• Hey, that’s pretty great of you to have found this post and given us a real update and info… thank you! And Light Flow is Awesome, keep up the great work!!

      • Andrew Moore

        I’m just hoping that with that remote clearing of notifications they talked about using cloud services that they add an event to the accessibility service to handle it too. It’d only be a few lines of code for them.

  • anezarati

    What is running in foreground vs running in the background?

  • People will always find something to complain about.

  • Jeremy Edwards

    I don’t know how this is news. The functionality was introduced in Eclair (2.0). Here’s the function. http://developer.android.com/reference/android/app/Service.html#startForeground(int, android.app.Notification) before that there was a setForeground function that developers used to elevate a service to foreground status but that was deprecated and then removed.

    Click the link for reason why they enforce this.

  • TheWenger

    I guess it’s a good thing you can get some of the functionality of Light Flow from the settings in AOKP/CM10.1/etc.

    • Yep. When I switched from BB to AOKP, I said goodbye to Light Flow too. It is a very well made app though.

  • Eric

    Persistent icon is a step in the wrong direction.

    • 4n1m4L

      I agree. Maybe have it mandatory to be enabled by default, but not flat mandatory.

      • I feel like that’s what they mean. Im sure you can still decide as the user to disable them.

    • Eric Richardson

      You can hide notifications from apps now.

    • SlenderSniper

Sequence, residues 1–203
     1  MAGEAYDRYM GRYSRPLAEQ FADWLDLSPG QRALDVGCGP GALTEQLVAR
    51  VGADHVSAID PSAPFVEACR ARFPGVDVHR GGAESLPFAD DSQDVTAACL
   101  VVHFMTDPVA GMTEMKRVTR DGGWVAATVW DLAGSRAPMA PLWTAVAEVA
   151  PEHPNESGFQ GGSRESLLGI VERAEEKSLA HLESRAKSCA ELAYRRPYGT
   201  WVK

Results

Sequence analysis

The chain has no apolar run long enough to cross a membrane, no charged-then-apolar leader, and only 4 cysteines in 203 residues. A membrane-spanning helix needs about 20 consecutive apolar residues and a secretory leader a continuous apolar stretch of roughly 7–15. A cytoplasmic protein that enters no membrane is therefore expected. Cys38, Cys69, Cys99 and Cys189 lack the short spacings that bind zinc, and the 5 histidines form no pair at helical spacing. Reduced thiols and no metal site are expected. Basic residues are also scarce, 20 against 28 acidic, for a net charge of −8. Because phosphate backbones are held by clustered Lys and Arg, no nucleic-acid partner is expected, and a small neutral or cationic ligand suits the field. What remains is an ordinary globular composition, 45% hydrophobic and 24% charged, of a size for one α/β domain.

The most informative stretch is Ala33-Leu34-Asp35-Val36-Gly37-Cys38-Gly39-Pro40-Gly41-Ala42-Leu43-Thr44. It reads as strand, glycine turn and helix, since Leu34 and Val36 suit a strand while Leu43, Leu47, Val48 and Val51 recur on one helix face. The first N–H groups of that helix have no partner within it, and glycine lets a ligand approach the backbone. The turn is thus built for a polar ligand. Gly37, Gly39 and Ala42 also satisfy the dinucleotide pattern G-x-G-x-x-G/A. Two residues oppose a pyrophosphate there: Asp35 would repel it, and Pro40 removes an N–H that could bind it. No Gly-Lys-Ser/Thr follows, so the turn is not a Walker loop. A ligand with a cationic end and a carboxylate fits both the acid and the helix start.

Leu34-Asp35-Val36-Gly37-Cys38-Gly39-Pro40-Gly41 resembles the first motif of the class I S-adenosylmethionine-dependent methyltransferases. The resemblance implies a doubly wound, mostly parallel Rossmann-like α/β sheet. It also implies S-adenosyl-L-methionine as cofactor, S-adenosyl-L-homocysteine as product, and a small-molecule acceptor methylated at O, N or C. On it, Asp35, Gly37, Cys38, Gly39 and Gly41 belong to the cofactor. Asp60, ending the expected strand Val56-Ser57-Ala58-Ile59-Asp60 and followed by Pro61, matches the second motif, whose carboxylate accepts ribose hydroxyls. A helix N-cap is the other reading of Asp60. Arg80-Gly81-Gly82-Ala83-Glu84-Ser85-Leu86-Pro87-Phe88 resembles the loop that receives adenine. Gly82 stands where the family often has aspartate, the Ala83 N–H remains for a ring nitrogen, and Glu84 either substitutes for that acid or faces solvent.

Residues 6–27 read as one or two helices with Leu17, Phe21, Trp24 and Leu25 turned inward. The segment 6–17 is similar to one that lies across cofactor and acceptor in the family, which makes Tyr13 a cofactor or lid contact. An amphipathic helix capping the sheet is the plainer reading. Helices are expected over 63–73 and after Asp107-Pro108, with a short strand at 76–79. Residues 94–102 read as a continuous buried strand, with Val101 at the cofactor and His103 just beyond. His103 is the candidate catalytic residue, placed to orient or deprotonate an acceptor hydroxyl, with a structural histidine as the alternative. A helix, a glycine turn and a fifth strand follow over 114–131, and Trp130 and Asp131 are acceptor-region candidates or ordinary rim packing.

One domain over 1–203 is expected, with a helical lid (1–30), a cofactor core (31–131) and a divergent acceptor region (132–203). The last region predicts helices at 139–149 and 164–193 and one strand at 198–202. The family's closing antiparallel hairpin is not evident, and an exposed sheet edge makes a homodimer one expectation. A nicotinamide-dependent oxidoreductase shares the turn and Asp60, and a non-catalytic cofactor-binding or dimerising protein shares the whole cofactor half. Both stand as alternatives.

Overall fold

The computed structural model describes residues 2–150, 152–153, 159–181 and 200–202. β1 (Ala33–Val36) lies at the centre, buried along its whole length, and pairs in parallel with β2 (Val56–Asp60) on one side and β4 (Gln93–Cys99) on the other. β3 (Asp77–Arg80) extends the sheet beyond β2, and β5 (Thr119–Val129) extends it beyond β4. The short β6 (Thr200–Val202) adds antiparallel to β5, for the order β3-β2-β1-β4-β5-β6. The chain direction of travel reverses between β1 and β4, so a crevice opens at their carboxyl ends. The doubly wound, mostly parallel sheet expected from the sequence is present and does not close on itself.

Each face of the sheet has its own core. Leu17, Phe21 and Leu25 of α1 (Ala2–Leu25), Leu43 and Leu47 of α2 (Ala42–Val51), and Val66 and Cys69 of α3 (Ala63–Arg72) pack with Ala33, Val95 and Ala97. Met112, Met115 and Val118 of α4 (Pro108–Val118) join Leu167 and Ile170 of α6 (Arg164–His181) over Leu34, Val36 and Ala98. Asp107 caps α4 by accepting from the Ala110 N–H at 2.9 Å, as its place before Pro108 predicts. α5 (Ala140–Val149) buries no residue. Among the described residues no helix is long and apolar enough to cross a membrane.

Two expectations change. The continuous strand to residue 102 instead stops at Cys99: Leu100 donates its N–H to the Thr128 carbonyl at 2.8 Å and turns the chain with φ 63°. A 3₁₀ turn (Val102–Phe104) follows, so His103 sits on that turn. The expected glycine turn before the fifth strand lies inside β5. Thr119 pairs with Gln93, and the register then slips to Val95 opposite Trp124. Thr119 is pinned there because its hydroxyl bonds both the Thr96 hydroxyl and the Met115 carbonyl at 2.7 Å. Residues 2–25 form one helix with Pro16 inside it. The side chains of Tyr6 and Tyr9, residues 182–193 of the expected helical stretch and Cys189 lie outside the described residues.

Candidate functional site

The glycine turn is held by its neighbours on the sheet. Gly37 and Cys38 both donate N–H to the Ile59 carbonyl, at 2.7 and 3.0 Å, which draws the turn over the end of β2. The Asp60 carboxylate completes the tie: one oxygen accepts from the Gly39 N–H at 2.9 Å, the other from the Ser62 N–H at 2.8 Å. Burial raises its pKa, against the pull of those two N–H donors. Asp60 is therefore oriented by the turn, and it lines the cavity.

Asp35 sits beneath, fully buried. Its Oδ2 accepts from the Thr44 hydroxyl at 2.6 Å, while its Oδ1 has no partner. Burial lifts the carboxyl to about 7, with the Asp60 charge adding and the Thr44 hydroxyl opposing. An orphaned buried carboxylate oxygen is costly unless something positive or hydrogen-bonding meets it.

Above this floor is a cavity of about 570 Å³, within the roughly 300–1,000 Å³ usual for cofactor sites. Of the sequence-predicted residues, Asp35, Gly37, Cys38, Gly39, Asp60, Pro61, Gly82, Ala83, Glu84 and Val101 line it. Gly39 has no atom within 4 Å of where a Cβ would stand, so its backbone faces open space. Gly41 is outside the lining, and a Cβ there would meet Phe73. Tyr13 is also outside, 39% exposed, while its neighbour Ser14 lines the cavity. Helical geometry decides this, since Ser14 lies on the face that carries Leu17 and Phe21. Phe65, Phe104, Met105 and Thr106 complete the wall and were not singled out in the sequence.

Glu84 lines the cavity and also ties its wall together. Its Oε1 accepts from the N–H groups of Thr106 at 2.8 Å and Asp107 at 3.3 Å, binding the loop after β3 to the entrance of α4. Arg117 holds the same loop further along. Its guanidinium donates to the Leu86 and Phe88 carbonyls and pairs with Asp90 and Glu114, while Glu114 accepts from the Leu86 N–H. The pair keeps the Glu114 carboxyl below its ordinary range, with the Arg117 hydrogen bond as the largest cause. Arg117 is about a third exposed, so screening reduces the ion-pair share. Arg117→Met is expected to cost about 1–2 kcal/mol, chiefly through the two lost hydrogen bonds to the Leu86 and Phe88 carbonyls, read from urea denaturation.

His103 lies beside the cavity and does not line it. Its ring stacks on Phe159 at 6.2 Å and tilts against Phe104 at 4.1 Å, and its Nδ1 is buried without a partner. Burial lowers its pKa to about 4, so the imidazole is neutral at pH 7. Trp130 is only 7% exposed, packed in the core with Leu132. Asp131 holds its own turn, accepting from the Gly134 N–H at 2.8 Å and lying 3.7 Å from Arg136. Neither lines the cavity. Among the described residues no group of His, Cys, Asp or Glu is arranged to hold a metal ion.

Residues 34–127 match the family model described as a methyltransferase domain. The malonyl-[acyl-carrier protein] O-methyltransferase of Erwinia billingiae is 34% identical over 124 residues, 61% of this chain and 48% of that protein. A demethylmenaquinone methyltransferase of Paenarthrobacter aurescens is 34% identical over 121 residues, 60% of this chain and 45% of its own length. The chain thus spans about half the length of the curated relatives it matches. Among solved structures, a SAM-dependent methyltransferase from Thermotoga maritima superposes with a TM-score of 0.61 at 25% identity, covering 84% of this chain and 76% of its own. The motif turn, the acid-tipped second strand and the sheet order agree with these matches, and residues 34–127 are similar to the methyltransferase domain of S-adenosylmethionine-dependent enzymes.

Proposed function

See Fernando Landaverde’s comment and the replies.

  • Adam Emshwiller

    That sound terrible….. Why would we want persistent notification icons for apps? I’m confused. That just adds clutter in my notification bar that I don’t need. Any ideas?

    • Michael Ta


      1. Google probably has something on it’s own.
      2. Read number 1.

      That’s all i can think of for now.

    • SlenderSniper

      See Fernando Landaverde’s comment.

  • Why would anyone want a persistent notification that can’t be cleared?

    • Bryan Paul

      I think the concept behind that is so malicious apps can’t hide in plain site. If something is running, it should tell you it’s running.

      • Made sense. And “keeps them in memory” also. But does that mean every running app will have a notification shade entry?? There must be a better way to do it.

        • Justin Foster

          It says, “when running in foreground.” It’s not for every app running, nor for apps running in the background. It’s for apps that are currently being used directly.

          • Simon Belmont

            Actually, apps can be marked as “in the foreground” so they’re on the highest hierarchy of not being killed when RAM is low. The persistent notification shows that an app is “in the foreground.”

            An app that’s actually being shown on the screen is also technically in the foreground, and obviously it doesn’t need a notification icon because, well, you’re looking at it already. Most phones and tablets today don’t need to do this because there’s plenty of RAM to spare and the apps likely won’t be killed even if they’re running in the background. Marking an app as “in the foreground” is still useful, however, if you need a persistent indication of it running. Like the music app example.

    • It keeps the app in the memory so it’s always active. You can then hide the notification.

    • Kane Stapler

      You can always long press on the notification and deselect show notifications.

      • zachjen

        Doesn’t that turn off all notifications for the app? I would still want to be notified by the app when there Is something to be notified of, i just wouldn’t want the app notification to always be sitting there in the tray.

    • Pengwn

      You can turn it off in the settings.

      • John Burke

        Foreground is only a “hack” he built into LightFlow for low-end devices.
        High-end devices don’t need to worry much about this.

    • Devin

      Agreed. I hate persistent notifications. I even have a Pebble and it drives me nuts that icon is always there.